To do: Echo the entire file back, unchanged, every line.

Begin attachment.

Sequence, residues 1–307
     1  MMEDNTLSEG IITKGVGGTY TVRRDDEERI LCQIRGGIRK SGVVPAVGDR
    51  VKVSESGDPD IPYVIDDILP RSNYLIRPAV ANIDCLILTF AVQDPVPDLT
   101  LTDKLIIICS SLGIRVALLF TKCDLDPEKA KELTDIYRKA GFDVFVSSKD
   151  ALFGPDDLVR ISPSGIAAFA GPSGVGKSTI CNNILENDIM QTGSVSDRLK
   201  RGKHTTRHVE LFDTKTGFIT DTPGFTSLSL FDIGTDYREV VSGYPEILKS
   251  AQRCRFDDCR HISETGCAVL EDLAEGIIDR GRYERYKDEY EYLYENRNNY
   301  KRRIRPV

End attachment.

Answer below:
Sequence, residues 1–307
     1  MMEDNTLSEG IITKGVGGTY TVRRDDEERI LCQIRGGIRK SGVVPAVGDR
    51  VKVSESGDPD IPYVIDDILP RSNYLIRPAV ANIDCLILTF AVQDPVPDLT
   101  LTDKLIIICS SLGIRVALLF TKCDLDPEKA KELTDIYRKA GFDVFVSSKD
   151  ALFGPDDLVR ISPSGIAAFA GPSGVGKSTI CNNILENDIM QTGSVSDRLK
   201  RGKHTTRHVE LFDTKTGFIT DTPGFTSLSL FDIGTDYREV VSGYPEILKS
   251  AQRCRFDDCR HISETGCAVL EDLAEGIIDR GRYERYKDEY EYLYENRNNY
   301  KRRIRPV